Today we’re going to talk about your patrol operations. Even though it’s arguably the most important part of your agency, in some way it’s also the least managed in at least two key areas: what your officers do in between calls for service, and where they go during their shifts.
There are at least three reasons why patrol matters so much:
It’s the most visible element of your agency. Marked patrol cars and uniformed officers and deputies are to a large degree the identity of your department. Yes, you also have detectives, special operations, analysts, dispatchers, technicians, and support staff, but the uniformed officer on patrol is your department’s “brand” to the public. When somebody calls 911, a uniformed officer in a marked car is what they expect to see.
Staffing costs are the largest percentage of a department’s budget, and patrol is usually the biggest part of your staff budget. Patrol officers generally account for at least two thirds of a department’s headcount. Put another way, the largest percentage of the largest item in your budget is spent on patrol officers.
Finally, patrol officers have the greatest impact on crime reduction. When officers are not answering calls for service, their job is to proactively patrol their beats. Their highly visible presence helps prevent crimes by changing the risk/reward ratio for a potential offender. In particular, sending them to known crime hotspots has been proven to have a strong deterrent effect.
Your patrol division consists of highly trained professionals. They undergo extensive training before they become sworn officers, and they undergo additional training as they serve. They follow standards set by their department and their state.
But there is a difference between training and ongoing daily management. How do you manage your officers after they complete roll call, grab their car keys, and go out on patrol? We’ve spoken to hundreds of police departments and sheriff’s offices over the years, and every time we ask them: how do your officers decide where to patrol?
The responses are quite interesting. About 1 in 5 agencies say that their officers are directed to patrol specific areas – crime hotspots – in between calls for service. These hotspots are identified by crime analysts who use a variety of methods, including Geolitica, to locate those locations. But 4 out of 5 agencies have essentially no measurable or quantifiable guidance. Officers are instructed to use their “knowledge of known crime areas” or “judgment” in deciding where to patrol.
While officers certainly should know the details of their beats, the sheer volume of current and historical incident data to assess makes it virtually impossible for a single person to truly know all the potential hotspots – by crime type, time of day, day of week, and season of year – and be able to focus on the “hottest” hotspot each day where their patrol time will be most effective.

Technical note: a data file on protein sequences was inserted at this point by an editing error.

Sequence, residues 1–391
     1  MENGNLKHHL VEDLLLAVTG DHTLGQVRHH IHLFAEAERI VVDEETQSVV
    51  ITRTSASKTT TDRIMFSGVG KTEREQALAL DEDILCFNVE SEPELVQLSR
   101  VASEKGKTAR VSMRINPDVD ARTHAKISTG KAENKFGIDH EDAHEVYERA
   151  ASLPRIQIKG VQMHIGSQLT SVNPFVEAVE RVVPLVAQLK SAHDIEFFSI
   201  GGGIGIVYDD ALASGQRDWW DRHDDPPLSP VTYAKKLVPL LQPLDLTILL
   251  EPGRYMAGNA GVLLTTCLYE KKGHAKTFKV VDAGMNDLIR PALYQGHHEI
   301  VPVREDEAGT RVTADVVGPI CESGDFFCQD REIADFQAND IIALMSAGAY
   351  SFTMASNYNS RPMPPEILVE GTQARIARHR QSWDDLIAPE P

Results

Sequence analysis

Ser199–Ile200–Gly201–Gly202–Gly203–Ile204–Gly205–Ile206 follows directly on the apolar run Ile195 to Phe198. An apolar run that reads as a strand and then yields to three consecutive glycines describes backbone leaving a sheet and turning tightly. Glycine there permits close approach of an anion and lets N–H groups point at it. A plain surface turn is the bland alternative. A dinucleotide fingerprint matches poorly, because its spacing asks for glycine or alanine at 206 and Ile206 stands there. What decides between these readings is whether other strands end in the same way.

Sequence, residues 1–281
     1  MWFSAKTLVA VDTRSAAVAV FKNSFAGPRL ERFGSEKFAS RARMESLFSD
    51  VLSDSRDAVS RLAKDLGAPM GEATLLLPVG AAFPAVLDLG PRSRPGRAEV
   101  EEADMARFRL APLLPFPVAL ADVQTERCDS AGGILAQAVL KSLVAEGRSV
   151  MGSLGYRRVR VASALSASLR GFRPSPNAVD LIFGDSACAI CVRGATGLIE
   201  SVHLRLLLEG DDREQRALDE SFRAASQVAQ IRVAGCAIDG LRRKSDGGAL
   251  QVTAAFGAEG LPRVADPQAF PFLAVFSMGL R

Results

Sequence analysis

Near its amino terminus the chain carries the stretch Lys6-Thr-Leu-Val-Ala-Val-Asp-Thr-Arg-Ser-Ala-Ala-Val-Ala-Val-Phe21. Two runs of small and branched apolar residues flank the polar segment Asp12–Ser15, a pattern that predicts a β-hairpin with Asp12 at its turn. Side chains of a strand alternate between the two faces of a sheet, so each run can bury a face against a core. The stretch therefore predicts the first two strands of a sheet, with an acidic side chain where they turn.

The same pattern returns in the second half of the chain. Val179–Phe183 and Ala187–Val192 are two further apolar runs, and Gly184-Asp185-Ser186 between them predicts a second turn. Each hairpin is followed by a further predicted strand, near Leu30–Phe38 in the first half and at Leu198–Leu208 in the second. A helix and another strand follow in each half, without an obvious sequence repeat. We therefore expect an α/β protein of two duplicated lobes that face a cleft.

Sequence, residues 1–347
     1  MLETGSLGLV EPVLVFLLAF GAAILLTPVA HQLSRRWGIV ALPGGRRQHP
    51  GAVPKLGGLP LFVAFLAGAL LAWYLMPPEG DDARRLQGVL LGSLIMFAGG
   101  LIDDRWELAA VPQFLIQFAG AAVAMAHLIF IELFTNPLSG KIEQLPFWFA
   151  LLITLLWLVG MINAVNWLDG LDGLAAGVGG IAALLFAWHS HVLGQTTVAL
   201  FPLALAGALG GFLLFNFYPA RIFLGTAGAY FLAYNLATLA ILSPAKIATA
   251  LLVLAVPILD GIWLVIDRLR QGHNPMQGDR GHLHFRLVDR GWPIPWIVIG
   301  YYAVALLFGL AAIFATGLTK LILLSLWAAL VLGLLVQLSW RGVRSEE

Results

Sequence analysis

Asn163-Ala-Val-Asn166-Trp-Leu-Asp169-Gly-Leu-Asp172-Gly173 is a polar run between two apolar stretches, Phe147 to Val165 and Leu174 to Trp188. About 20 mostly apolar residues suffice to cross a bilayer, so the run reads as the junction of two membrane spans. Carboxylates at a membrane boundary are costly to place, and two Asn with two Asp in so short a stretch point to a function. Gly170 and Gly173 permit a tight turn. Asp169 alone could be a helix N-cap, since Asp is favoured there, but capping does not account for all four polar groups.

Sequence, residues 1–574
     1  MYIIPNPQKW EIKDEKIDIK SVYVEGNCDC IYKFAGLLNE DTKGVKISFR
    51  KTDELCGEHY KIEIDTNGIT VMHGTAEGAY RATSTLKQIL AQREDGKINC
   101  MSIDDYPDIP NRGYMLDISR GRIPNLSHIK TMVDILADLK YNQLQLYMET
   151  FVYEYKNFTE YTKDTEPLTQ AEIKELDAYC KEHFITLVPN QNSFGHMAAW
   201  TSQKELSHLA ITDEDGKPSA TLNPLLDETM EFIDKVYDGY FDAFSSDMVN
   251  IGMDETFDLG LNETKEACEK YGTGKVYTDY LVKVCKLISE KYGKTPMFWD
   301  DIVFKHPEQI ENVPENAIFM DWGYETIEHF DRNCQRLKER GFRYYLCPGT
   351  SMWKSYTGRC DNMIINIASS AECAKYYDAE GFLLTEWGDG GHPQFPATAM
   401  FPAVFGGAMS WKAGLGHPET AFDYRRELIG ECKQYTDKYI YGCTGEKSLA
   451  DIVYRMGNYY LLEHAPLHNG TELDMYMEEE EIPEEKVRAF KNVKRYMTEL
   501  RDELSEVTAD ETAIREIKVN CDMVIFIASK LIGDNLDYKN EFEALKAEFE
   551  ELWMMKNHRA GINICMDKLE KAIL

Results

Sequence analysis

Even in agencies that do directed patrol for their officers, there is usually no real means to measure whether they are spending time in their hotspots. The most common method is via a radio call, with officers checking in and out of a hotspot. But officers sometimes forget to check in or check out, making this a difficult metric to use. Other departments don’t even use radio check-ins, relying on something like an honor system where officers will spend time at their designated hotspots. This can make sense in agencies with high volumes of calls for service – you don’t want to be clogging up the airwaves with an endless stream of check-ins and checkouts.
The only way to really measure this is by using AVL/GPS. Most departments now have AVL in their cars, and the ones who don’t are planning to get it. AVL serves several functions. First and foremost, of course, is officer safety. If an officer radios for help or backup, you need to know exactly where he or she is.
AVL also helps command staff manage officers in real time. You want to know where they are during their shifts. Sending someone out with a badge and a gun is a tremendous responsibility, and your department rightfully wants to ensure that they are serving in their assigned patrol areas. Being able to track and prove this is an important tool to ensure accountability and transparency with your community.
AVL can also be used to measure officer performance against assigned tasks. If you set patrol hotspots, AVL can help you see if they are getting to these assigned hotspots and spending the recommended amount of time or number of visits there.
If you store AVL data, you can use the historical “breadcrumb” trail to assist in other activities. You can reconstruct a pursuit, see how many officers responded to a specific incident and when, or even create patrol heatmaps to see which areas of your jurisdiction are over-patrolled or under-patrolled.
Tracking, storing, and presenting AVL data in a readable format is technically quite difficult. With almost 10 years of experience working with location data, Geolitica is the only platform that can track hotspot visits, historical officer locations, and create patrol heatmaps.
Let Geolitica show you how you can take the most important part of your department to new levels of transparency, accountability, and effectiveness. Click the button below to schedule your demo today!